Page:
Quite an impressive robot. I certainly can’t wait to see it in person at Davis.
one of my favorite teams, beautifully designed robot. i really like the power chain going to the hood.
Thank you, we found the energy chain to be a very clean and effective wiring solution for our turret.
along with the energy chain, what reason(s) did ya’ll use toothed belts throughout your robot? and what design elements did you have to change to work with or around them? I noticed there is an idler wheel on every length of belt, is this what tensions the belt? could you have gone with thinner and less bulky belts in some places?
In the past we have used chains exclusively, but have grown tired of the pain of tensioning them. You can tension a chain when you put it on, but it stretches out and you have to retension it. Not having an elegant solution to this problem that we could design for, we decided to try belts this season.
The belts turned out to be a great idea. They never change in length, which is a blessing and a curse. The blessing is that, once they are in, you never have to touch them again. The curse is that it can be difficult to get the right spacing between pulleys. This problem was easily solved for us by Solidworks’ belt feature, which allows you to find out the distance between pulleys given a fixed belth length. Using this, we could use belts on the whole robot.
The idler wheels on the drivetrain are indeed for tensioning, and they serve to give the belt more surface contact with the drive pulleys for a more robust system. The ones on top give the turret a greater range of motion, since the belt is just riveted to the lazy susan.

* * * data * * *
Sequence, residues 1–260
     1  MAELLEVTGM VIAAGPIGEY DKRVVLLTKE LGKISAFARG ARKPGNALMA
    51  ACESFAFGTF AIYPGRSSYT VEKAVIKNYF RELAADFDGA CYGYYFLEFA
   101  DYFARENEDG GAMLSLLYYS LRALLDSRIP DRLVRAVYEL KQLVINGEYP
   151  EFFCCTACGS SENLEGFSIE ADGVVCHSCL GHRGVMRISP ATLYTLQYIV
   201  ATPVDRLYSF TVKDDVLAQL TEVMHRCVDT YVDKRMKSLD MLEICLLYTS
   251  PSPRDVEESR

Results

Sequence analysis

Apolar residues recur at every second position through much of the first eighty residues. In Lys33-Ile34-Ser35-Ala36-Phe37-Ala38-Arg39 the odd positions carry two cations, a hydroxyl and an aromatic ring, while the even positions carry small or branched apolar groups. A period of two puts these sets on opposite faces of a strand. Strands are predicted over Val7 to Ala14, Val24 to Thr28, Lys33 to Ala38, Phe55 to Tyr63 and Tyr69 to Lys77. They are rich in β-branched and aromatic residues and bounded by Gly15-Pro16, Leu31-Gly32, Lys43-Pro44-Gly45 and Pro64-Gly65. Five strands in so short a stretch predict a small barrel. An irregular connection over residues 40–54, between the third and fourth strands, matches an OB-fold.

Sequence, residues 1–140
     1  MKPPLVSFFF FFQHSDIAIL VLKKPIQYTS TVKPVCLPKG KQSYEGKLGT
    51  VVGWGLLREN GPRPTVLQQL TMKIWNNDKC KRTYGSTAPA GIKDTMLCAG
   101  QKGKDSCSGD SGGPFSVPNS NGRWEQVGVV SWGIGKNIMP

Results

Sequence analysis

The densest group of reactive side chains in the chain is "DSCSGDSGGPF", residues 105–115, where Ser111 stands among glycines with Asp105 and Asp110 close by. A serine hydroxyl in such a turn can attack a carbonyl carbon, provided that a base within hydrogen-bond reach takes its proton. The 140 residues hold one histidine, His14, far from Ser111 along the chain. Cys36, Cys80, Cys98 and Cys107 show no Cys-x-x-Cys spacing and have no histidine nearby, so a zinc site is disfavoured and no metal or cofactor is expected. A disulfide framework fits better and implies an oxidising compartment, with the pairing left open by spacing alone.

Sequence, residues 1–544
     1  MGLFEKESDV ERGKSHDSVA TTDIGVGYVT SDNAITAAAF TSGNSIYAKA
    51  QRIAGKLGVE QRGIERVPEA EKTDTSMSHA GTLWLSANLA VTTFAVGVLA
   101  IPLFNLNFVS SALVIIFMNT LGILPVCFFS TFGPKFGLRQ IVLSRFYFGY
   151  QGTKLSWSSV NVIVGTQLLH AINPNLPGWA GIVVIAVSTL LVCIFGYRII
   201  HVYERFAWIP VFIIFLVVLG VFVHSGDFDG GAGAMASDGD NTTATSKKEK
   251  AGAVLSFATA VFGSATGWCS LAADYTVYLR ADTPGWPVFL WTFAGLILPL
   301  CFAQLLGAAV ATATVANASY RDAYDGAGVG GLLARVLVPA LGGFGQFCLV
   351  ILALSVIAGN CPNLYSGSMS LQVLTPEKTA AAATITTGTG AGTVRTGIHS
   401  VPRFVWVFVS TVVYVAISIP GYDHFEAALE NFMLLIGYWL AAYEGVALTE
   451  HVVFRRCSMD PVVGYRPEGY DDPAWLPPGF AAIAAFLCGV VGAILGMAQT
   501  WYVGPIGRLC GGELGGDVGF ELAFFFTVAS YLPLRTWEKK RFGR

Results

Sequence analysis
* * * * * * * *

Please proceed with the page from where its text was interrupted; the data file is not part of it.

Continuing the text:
I guess we could have gone with thinner belts, but they wouldn’t have been as strong. We chose this pitch type because it allowed us to make the spacing in the wheel module as tight as possible, then used it throughout the robot.
In the end, never having to break and tension chain has been great. The computer modeling makes using more modern power transmission much easier. This is also the quietest robot we have ever built, without the clank and clatter of metal chain on metal sprockets.
Can you tell me what pitch belt you went with? Also would you use belts in a 2 speed drivetrain with high traction wheels?
We used 5mm HTD belts. Yes, I think we would try to figure out a 2 speed belt transmission in a regular game. It sounds pretty crazy to me, but if we could figure out this drivetrain, I’m sure we could do it.
Where did you buy the 5mm belts? I am looking and sdp-si does not sell them. I am putting the finishing touches on a wooden framed 6wd high traction 2 speed, belt driven drivetrain. Right now I am looking at polycarb XL pullies and XL timing belt.
I was really asking would you use belt instead of #25 chain in a 6wd drivetrain with 2 speed transmissions and high traction wheels?
We got our belts and pulleys from our friend the BBman.
I think we would use belts, since we like how easy and quiet they are, but I’m not sure. That will be up to next year’s team.